Commenting on the scandal, Wharton's Professor Jitendra Singh says corruption in India is "heterogeneous and multifaceted," ranging from a simple bribe to systemic corruption, "where retrograde cultural norms get well-established in specific settings, such that a non-corrupt newcomer may well find it impossible to survive." Inferior cultural norms are the toughest to tackle, and those values could prove very difficult to unhinge, according to Singh. "In its abstract form, the gains in a transaction get disproportionately appropriated by actors in relation to their role in the creation of this value," he says. "This distorts incentives and, ultimately, values in a society and leads to inequitable distribution of income and wealth, and inefficient allocation of capital." He warns of "collective consequences such as the institutionalization of inferior cultural norms [for example, 'in order to succeed, you have to be dishonest, because everyone else is dishonest'] that may take generations, even centuries, to sort out meaningfully."

The telecom scandal may just be the tip of the iceberg. A broader and more serious independent inquiry is now necessary to find any evidence of widespread corruption as powerful Indian businessmen like Ambanis and Tatas use their power, influence and cash to garner resources or projects, whether mining rights, gas fields, land, infrastructure projects or the electromagnetic waves known as spectrum that carry cellphone service.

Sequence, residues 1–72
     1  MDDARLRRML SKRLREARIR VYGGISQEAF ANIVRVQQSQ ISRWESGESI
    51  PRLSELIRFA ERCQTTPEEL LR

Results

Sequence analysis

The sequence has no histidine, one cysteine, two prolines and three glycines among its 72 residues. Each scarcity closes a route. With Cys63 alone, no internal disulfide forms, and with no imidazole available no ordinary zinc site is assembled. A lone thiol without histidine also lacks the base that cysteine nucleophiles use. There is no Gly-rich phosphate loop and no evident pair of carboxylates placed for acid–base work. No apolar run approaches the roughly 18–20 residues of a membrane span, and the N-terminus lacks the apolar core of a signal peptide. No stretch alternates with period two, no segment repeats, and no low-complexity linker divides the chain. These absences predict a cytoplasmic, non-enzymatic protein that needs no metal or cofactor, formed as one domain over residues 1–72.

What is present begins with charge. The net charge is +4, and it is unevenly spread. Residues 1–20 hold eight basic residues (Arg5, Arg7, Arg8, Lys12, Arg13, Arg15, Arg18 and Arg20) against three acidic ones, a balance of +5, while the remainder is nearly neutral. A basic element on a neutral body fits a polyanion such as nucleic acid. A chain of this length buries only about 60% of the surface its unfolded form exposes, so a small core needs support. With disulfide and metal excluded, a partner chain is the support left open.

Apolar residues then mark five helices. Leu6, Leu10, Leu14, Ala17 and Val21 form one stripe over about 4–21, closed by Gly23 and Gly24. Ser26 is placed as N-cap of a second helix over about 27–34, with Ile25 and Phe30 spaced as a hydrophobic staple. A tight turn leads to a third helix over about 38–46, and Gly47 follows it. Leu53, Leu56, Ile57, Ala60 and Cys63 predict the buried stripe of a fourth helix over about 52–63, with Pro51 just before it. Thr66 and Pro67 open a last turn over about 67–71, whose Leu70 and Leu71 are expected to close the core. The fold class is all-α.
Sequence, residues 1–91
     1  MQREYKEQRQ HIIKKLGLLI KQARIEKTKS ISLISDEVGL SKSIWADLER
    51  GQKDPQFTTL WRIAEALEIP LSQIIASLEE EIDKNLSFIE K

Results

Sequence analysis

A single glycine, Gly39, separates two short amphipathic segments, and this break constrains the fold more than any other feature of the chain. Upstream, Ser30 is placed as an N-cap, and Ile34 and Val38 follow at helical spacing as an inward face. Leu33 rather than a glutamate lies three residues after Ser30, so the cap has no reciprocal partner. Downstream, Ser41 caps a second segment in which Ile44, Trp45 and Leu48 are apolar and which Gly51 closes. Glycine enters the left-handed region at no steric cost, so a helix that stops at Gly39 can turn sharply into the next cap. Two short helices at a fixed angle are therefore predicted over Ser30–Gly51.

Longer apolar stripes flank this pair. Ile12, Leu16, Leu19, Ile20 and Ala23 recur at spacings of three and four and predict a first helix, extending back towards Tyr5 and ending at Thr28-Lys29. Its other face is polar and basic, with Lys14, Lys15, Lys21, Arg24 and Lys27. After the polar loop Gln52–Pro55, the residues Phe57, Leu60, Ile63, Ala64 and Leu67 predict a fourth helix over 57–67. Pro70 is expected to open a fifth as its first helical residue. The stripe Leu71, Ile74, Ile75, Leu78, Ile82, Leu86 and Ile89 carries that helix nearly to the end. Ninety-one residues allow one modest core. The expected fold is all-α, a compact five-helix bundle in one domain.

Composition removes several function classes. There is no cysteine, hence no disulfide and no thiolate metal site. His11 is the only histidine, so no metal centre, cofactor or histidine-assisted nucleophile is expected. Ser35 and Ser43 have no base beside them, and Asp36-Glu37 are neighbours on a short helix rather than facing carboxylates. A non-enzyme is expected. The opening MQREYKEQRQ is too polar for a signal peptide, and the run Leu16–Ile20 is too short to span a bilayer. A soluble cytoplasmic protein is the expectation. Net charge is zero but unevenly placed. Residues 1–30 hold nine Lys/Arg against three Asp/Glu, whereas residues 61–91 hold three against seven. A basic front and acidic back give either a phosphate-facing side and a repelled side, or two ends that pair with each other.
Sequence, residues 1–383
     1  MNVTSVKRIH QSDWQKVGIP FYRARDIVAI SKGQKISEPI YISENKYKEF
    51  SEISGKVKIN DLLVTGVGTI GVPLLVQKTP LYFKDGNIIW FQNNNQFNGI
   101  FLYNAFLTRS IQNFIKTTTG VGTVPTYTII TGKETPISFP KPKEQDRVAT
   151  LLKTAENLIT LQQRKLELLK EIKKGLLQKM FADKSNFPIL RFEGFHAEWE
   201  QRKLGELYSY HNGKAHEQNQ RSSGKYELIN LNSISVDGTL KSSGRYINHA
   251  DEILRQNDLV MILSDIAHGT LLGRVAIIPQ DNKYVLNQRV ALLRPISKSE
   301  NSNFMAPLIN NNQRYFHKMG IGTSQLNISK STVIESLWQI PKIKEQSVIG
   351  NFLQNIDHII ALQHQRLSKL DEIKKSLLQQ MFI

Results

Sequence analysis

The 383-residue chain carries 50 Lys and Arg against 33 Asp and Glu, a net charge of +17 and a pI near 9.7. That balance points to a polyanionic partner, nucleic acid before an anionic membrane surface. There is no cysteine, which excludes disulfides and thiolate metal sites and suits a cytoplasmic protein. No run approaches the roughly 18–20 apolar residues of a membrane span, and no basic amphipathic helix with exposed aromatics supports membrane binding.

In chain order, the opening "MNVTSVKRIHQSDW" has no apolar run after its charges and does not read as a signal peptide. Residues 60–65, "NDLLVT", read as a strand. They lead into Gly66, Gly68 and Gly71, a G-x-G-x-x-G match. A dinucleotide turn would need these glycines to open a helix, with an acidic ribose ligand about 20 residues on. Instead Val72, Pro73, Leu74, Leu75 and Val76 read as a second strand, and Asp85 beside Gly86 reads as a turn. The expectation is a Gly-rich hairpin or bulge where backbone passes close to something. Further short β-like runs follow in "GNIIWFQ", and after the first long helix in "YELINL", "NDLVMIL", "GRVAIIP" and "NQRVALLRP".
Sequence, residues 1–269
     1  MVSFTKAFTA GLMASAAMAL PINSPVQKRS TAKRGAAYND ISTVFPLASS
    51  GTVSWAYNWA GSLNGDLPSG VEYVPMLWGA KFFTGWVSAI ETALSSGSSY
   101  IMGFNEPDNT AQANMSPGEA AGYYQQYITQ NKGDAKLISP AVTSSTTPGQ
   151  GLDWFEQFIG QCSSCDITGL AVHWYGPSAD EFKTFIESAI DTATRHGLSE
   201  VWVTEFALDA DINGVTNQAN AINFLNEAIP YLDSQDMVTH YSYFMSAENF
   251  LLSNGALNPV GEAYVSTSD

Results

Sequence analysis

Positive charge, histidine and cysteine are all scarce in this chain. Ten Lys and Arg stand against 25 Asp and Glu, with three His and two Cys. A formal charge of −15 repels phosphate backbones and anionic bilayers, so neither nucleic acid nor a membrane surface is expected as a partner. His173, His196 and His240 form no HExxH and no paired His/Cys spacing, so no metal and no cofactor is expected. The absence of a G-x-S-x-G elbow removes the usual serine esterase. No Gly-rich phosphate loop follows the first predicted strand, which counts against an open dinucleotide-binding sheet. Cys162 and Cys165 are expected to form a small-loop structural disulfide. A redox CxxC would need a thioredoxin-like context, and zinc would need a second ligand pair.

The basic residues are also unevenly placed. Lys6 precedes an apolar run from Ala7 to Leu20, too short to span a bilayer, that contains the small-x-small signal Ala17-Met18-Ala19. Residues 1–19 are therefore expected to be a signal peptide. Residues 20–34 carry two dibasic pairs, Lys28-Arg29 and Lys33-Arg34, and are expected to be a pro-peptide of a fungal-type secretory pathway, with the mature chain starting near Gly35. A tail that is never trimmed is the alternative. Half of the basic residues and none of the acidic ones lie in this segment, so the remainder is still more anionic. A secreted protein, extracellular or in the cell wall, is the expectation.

As to the role of the media, the US Supreme Court Justice Louis Brandeis once said that "sunlight is the best disnifectant". Transparency is not possible when the mass media join the effort to block sunlight, as has been the case in India's telecom scandal. Instead of playing their role as watchdogs in a democracy, many in the Indian media have chosen to collaborate with corrupt politicians and greedy businessmen to enrich themselves. The Indian media are guilty of manufacuring consent in a favor of the powerful few against the interests of the vast majority of India's population that is among the poorest and the most deprived in the world.

To protect the future of democracy, sustain economic growth and ensure that the benefits of growth are shared equitably by India's population, emergence of an honest, transparent and ethical media are absolutely essential. I hope the sane members of the Indian media will now find a way to clean up their ranks and begin a serious self-policing effort based on a new set of sound standards of professional ethics.

Related Links:

Haq's Musings

Manufacturing Consent in India

Challenges of Indian Democracy

Poor, Hungry and Illiterate India

Radia Tapes and Transcripts of India's 2G Scandal